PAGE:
How to make a grown poet cry…

I read enough these days that poetry is dying, an anachronism in the increasingly rapid digital world, destined for extinction, irrelevant to today’s world…

And then I read about 100,000 poems from 300 contemporary poets from 204 countries being dropped on London. A sky full of poems. The Chilean arts collective Casagrande has orchestrated poetry drops (poems on bookmarks) five times previously. In their experience, there has never been a need for a massive cleanup afterwards because people have picked up every poem. Cristobal Bianchi, a member of Casagrande, said, “Every time we have done this before there is not a single bookmark on the ground – people collect them all,” he said. “People fight for the poems, and it becomes a collective reading of poetry.”

And then I watch the videos here  of smiling people reaching up  to pluck poems from the air. Children gathering them by the handfuls. People reading and sharing what they’ve found. Laughing. Poems fluttering down through twilight into waiting arms.

I tell you. It’s enough to make a grown poet cry….

An axe for the frozen sea within us…

Kafka wrote, “A book must be the axe for the frozen sea within us.”

How many times have I been so broken open by what I’ve read that for the first time I glimpse the true root of a pain or a beauty in my life? Today, I am reading Houses Are Fields by Taije Silverman. I’ve read fewer than twenty pages and already I’ve been shaken by the sadness, compassion and beauty contained in this work.

As I approach my own poetry, I imagine taking successively finer grits of sandpaper to it – until what is left is the polished edge of an axe, at once tool and artwork. A keen edge for the frozen sea within myself, and perhaps some day, for another who yearns for open blue water.

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Confession Tuesday – the William Stafford’s birthday version

One week and one conference later…

Today was my first day at my new job as coordinator for the Friends of the Homer Library. I spent the day learning about expectations and filing systems, programs and membership, dedication and community chocolate. After work, I met with a friend to talk about a project that will result in a marriage of poetry and place, one of my favorite types of relationships. Then I drove home in an early evening so blue that I could taste it, like a slip of ice against my tongue, and behind me the sunset was peach and red streamers on the horizon.

I confess, I’m happy.

Today is William Stafford’s 98th birthday. I confess that I wish he was still around to celebrate with us in person. I return to his poetry, to the wisdom of his philosophy of writing and teaching, again and again. Happy birthday, Bill.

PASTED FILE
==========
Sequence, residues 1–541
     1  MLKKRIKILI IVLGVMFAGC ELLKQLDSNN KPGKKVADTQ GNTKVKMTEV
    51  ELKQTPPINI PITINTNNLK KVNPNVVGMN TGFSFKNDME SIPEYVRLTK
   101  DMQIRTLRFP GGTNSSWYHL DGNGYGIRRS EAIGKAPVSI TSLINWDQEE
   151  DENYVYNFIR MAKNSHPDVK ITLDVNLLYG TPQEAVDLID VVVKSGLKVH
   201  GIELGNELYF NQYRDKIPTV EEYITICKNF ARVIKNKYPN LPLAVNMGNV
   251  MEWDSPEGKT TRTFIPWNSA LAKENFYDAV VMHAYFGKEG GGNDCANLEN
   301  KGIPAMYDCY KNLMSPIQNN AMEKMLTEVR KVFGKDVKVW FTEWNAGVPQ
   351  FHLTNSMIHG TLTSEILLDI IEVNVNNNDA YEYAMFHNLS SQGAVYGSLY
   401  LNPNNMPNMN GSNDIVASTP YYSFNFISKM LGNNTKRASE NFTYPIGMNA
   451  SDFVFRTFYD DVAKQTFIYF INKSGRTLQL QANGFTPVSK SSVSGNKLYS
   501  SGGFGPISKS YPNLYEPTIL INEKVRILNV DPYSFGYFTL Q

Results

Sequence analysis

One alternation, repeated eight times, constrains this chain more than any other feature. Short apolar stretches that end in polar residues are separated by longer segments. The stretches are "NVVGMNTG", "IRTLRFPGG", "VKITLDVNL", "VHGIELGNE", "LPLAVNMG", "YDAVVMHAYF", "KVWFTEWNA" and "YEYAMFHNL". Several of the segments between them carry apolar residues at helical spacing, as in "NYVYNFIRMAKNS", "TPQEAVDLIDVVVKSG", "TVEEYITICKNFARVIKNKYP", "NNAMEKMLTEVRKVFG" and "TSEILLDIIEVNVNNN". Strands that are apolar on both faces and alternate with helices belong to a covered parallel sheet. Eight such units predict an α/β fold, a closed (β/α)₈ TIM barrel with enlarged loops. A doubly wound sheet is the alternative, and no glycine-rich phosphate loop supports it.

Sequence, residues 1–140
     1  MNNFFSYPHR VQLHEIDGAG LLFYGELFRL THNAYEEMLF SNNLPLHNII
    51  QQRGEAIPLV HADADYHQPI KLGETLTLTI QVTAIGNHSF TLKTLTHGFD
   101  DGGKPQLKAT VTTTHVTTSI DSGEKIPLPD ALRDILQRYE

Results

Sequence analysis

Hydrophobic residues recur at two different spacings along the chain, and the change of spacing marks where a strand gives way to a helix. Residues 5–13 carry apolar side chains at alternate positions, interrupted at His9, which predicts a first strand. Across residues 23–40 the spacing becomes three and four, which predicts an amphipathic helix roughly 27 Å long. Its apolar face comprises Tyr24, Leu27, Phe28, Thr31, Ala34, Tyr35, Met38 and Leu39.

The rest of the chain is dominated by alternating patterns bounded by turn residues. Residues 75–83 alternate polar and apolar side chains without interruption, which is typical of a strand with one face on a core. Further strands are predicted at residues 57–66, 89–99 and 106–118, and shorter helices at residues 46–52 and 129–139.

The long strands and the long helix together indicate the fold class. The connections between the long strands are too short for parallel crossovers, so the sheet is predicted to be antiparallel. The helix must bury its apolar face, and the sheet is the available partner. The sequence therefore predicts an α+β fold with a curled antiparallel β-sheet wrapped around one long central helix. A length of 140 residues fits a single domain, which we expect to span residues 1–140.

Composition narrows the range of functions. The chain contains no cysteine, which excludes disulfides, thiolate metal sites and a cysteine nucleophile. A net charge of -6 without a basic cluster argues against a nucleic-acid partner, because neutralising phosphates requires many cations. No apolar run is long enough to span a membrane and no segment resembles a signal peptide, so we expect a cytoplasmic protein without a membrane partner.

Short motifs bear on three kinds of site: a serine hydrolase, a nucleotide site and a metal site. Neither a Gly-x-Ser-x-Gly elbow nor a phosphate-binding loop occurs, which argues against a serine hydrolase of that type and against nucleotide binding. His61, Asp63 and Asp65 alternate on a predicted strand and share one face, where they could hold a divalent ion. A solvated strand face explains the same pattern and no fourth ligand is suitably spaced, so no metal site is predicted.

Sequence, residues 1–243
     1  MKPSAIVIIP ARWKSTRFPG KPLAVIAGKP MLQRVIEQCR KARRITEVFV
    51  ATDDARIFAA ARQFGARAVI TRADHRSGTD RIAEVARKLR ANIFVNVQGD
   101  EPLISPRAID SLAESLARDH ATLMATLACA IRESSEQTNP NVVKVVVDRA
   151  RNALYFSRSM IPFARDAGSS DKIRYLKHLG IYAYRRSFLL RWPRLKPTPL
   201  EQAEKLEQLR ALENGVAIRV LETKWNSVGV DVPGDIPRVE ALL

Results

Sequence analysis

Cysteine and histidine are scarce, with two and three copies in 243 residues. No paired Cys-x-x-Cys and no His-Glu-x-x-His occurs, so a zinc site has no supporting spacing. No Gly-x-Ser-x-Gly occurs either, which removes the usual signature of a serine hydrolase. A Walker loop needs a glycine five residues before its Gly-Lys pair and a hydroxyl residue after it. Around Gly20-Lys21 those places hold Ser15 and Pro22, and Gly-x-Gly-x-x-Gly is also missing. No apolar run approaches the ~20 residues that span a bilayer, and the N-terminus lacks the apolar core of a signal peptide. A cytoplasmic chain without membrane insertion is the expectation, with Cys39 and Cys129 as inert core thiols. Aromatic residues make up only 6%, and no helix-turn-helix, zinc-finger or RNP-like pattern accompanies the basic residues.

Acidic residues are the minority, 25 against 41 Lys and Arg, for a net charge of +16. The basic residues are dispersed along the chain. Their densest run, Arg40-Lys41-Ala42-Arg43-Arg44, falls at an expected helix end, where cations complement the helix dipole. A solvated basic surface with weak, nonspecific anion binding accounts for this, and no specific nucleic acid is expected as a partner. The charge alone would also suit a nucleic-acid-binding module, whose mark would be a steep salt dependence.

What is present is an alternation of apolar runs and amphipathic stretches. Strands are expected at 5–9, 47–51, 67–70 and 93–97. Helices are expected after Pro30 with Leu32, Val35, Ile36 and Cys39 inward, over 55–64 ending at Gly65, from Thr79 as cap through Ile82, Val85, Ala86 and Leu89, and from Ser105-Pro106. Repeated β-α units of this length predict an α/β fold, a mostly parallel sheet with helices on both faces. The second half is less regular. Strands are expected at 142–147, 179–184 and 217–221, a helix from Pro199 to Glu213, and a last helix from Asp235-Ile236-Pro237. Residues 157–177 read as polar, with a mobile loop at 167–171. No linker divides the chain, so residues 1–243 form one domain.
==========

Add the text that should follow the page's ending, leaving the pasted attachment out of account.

Three poems by William Stafford:

You Reading This, Be Ready

Starting here, what do you want to remember?
How sunlight creeps along a shining floor?
What scent of old wood hovers, what softened
sound from outside fills the air?

Will you ever bring a better gift for the world
than the breathing respect that you carry
wherever you go right now? Are you waiting
for time to show you some better thoughts?

When you turn around, starting here, lift this
new glimpse that you found; carry into evening
all that you want from this day. This interval you spent
reading or hearing this, keep it for life –

What can anyone give you greater than now,
starting here, right in this room, when you turn around?

A Story That Could Be True

If you were exchanged in the cradle and
your real mother died
without ever telling the story
then no one knows your name,
and somewhere in the world
your father is lost and needs you
but you are far away.

He can never find
how true you are, how ready.
When the great wind comes
and the robberies of the rain
you stand on the corner shivering.
The people who go by –
you wonder at their calm.

They miss the whisper that runs
any day in your mind,
“Who are you really, wanderer?”—
and the answer you have to give
no matter how dark and cold
the world around you is:
“Maybe I’m a king.”

Where We Are

Fog in the morning here
will make some of the world far away
and the near only a hint. But rain
will feel its blind progress along the valley,
tapping to convert one boulder at a time
into a glistening fact. Daylight will
love what came.
Whatever fits will be welcome, whatever
steps back in the fog will disappear
and hardly exist. You hear the river
saying a prayer for all that’s gone.

Far over the valley there is an island
for everything left; and our own island
will drift there too, unless we hold on,
unless we tap this: “Friend,
are you there? Will you touch when
you pass, like the rain?”